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Navy Yard

Curatorial Statement

Dusk unfolds in several acts. It begins with a golden hour, and slowly progresses through gradations of diminishing light. There is a magic moment, somewhere between civil and nautical twilight, where the air changes and the twinkling lights of the city begin to look up towards the stars. It is in this particular moment, when your ears are tuned to the wind and your eyes begin to shift from day to night, that the artist Duke Riley reveals his largest and most ambitious project to-date, Fly By Night. With the keen timing of a conductor, this winged symphony weaves together the narrative threads of overlapping histories – a forgotten waterfront island, a creature we see daily in our landscape but rarely look at, and an artist who stands on a rooftop linking his past to his present in a swirling crescendo.

 

An explorer in the oldest sense of the word, Duke Riley fully immerses himself in worlds that have fallen off the map or remain firmly on the edge. Boat captain, draftsman, tattooist, sculptor, performer, instigator and taleteller are some of the many ways one could describe this New England born, Brooklyn-based artist. Whether building and launching a Revolutionary War-era submarine in New York Harbor in After the Battle of Brooklyn, or opening up a bar out of the ruins of a historic homesteader settlement on Plumb Island in The Dead Horse Inn, the nautical landscape and history of New York runs deep in Duke Riley’s veins.

 

Beyond his home along the East River, Riley’s investigation into nautical communities across the globe has taken him on journeys to Zhujiajiao, China to restage the Zodiac races of the Jade Emperor in The Rematch, and to East Africa to research seafaring communities. It was in his ongoing relationship with Cuba, where Riley has launched several projects, that he began directly working with a global character tied to his own personal history, the pigeon. A long-time pigeon fancier, in Trading with the Enemy Riley flew his birds turned smugglers from Havana to Key West, marking a key moment in his practice where feathered companions became professional collaborators. Now back home in Brooklyn, Fly By Night brings together the many tentacles of Riley’s practice, travels, and identities in an epic shoreline tale. In arguably one of the grandest public works in a long artistic dialog between man and nature, Riley pays tribute to a community and a creature he is intimately tied to.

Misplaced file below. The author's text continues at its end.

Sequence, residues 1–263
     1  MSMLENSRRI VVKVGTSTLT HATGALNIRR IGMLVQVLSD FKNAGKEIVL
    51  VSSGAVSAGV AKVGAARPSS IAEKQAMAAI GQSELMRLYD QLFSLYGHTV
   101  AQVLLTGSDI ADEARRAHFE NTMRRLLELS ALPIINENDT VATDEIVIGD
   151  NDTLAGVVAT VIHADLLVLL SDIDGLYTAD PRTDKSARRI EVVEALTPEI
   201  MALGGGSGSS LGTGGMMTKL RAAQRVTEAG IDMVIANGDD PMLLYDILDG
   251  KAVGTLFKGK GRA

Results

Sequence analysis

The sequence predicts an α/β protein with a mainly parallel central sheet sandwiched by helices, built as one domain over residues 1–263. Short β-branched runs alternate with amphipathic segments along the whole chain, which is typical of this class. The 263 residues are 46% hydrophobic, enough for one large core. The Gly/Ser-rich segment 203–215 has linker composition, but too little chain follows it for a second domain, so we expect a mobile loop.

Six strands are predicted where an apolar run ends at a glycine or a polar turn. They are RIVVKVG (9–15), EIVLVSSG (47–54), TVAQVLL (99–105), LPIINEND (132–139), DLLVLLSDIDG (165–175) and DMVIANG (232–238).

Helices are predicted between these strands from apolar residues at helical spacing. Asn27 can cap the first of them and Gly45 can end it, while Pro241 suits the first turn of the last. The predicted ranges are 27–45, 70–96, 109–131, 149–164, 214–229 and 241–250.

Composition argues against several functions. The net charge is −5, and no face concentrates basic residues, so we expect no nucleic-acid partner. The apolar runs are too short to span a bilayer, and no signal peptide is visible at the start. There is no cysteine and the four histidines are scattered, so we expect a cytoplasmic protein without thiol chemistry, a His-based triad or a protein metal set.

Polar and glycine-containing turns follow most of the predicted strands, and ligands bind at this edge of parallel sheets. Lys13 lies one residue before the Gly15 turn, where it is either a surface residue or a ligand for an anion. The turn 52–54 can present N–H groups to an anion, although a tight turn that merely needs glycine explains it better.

As the oldest domesticated bird, the rock dove has been part of the human story for thousands of years. More commonly known as the pigeon, these delicate and talented creatures are deeply loved by the humans who raise them and widely misunderstood by their urban neighbors. The subject of poems, paintings, and films, the pigeon calls cities in every corner of the earth home. Letter carrier, spy, camera operator, educator, and soldier are just a few of the professions cited on the long resume of this often underestimated bird.

 

New York itself has a lengthy and complicated history with our winged partners through time. Neighborhoods throughout the five boroughs were once dotted with rooftop pigeon coops, or lofts. As development has increased, the ability for fanciers to keep their lofts amidst the increasingly common luxury condo has decreased. Less common now is the sight of rooftop flags and the sound of whistles calling flocks back home. Although pigeons are far from endangered, the pigeon fancier is an increasingly rarer breed in the landscape of New York City.

 

Pigeons also once patrolled the skies of New York as government workers. Avian soldiers have been trusted by military regiments throughout the world, and even awarded medals for exemplary service. Riley’s use of the phrase “fly by night” harkens back to the use of pigeons to transfer messages in the safe cover of nightfall — from biblical battles, to WWII operations, to modern-day acts of resistance. Here in the States, the largest pigeon coop in the U.S. Navy was once housed at Cob Dock, a now extinct island that sat at the center of Wallabout Bay in the Brooklyn Navy Yard. Homing pigeons were loaded onto naval vessels and used as the key line of communication over great expanses of sea. With the advent of modern communication, both Cob Dock and the hard working pigeons of the Brooklyn Navy Yard are now a footnote in the archive of the City.

 

Duke Riley’s Fly By Night brings the rock dove back to the forefront of the New York story once again, assembling an unprecedented fleet of specially trained birds that pay homage to the inhabitants of Cob Dock over 100 years later. Housed on a former naval aircraft carrier once used to train helicopter pilots, this new flight crew made up of Homers, Flights, Rollers, Tumblers, Tipplers, and even the ancient Syrian Damascene (the artist’s favorite), are Riley’s winged collaborators taking to the skies above Wallabout Bay. Twirling, swooping, and gliding – together, apart, and together again – Riley orchestrates an unpredictable flying composition. Like the birds themselves, no two performances are the same. Lacing together old New York and new, Fly By Night asks us to stop, watch, listen, and revere this extraordinary creature that has shared the triumphs and tragedies of the human experience – uniting individuals, cultures, and generations of fanciers in a tale of both the ancient and modern city.

 

- Meredith Johnson, curator